The course covers a variety of research topics in theoretical physics, including superconductors and superfluids, unified field theory and atomic and nuclear physics, as well as experimental physics, including high-energy astrophysics, astrospectroscopy, bio and molecular complex systems, lasers and plasma physics and electromagnetic energy. Through research ranging from material micro-structures to biomechanisms and optic energy, widely regarded as a key element of science and technology of the 21st century, graduates learn to think for themselves and acquire the skills to develop new understandings and creative innovative solutions. The course aims to provide a comprehensive grounding in the principles of physical phenomena and innovation skills for creating advanced scientific solutions in the 21st century.

Admission Policy

Applicants must demonstrate a commitment to self-motivated study and an appreciation of the learning objectives of the Course of Physics with respect to the ability to comprehend highly specific concepts, pursue comprehensive scientific examination and apply principles to real-life situations.

Key Research Topics

  • Using high-energy gamma rays to investigate dark matter
  • Using pulse plasma to generate recombination plasma
  • Elementary particle reactions in the early universe
  • Analyzing water structures in matter and organisms
  • Picosecond lasers

Course of Chemistry


The Course of Chemistry has instructors in the four basic sectors of physical chemistry, inorganic chemistry, organic chemistry and analytical chemistry, as well as the associated applied fields of computer chemistry, environmental chemistry, bioorganic chemistry, biochemistry and elemental chemistry. In this way, the course is designed to cover a wide range of topics in pure and applied chemistry. There are also dedicated teaching subjects in educational science for graduates interested in a career as a high school chemistry teacher. All graduates are encouraged to develop a broad outlook that encompasses ethical considerations, historical perspectives and global factors to complement studies in their particular field of interest. In this way, the Course of Chemistry will develop personnel of the 21st century who will lead in the field of chemistry.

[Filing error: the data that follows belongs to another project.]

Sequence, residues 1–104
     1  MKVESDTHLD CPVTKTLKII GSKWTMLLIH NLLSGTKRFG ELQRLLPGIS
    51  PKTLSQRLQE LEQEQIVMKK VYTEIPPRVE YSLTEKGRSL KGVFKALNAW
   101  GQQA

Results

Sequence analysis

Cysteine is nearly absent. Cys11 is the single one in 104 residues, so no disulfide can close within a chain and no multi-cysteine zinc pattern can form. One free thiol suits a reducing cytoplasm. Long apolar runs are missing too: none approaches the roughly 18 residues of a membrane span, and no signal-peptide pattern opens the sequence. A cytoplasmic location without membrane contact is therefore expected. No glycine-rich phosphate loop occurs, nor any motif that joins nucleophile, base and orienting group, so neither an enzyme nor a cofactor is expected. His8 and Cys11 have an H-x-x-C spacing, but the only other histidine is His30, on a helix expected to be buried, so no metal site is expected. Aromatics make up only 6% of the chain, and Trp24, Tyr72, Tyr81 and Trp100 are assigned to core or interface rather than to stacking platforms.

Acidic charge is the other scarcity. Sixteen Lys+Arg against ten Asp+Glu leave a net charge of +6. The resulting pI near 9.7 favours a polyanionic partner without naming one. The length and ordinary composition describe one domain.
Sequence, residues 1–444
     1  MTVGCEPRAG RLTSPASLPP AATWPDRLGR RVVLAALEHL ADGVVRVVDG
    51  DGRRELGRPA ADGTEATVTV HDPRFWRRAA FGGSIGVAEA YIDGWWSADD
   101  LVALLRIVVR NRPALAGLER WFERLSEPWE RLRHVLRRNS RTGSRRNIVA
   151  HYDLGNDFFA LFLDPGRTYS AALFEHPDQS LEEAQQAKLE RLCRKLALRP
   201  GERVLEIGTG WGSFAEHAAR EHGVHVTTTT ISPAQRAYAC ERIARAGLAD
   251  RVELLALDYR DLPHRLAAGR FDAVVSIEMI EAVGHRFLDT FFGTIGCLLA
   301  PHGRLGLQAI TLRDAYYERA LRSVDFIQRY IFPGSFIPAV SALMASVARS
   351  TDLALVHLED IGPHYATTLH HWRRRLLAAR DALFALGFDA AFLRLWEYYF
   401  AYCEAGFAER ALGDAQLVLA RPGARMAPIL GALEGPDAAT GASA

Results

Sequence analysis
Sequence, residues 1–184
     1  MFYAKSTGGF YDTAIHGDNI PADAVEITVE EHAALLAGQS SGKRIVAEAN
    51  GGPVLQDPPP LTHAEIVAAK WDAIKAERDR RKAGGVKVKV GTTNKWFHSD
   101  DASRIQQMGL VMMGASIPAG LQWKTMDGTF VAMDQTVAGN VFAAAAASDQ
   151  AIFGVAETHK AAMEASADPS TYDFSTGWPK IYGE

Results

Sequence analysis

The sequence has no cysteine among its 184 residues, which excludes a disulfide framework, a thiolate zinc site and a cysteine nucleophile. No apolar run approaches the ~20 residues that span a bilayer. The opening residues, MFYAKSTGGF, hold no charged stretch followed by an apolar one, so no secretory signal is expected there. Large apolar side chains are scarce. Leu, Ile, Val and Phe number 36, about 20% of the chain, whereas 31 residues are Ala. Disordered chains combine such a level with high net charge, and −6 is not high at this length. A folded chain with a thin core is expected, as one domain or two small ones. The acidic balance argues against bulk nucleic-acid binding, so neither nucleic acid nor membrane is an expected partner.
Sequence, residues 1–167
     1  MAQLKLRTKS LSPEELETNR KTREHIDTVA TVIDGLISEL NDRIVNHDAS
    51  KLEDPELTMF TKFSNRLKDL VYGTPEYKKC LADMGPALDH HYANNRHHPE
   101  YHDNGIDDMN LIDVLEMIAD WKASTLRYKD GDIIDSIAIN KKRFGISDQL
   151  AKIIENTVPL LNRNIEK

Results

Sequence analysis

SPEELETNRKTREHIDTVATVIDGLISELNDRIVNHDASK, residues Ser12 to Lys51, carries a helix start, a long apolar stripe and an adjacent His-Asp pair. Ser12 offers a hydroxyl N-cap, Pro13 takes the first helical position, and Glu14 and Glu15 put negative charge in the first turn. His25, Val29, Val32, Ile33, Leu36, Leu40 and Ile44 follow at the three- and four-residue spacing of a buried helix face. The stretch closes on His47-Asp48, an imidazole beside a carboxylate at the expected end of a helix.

Admission Policy

Applicants must demonstrate a commitment to self-motivated study and an appreciation of the learning objectives of the Course of Chemistry with respect to the ability to tackle research topics of genuine value; the ability to design and execute innovative and creative experiments; and the ability to produce and deliver research presentations to public hearings, academic societies and scholarly journals.

Key Research Topics

  • Halogenated Environmental Organic Pollutants and Persistent Organic Pollutants
  • Examination of catalytic asymmetric synthesis reactions involving selenocysteine derivatives
  • Synthezing oxide photocatalysts for water splitting and evaluating photocatalytic activity
  • Structure and conductivity characteristics of hybrid layered crystal
  • Designing research systems to accommodate diverse expectations in the chemistry space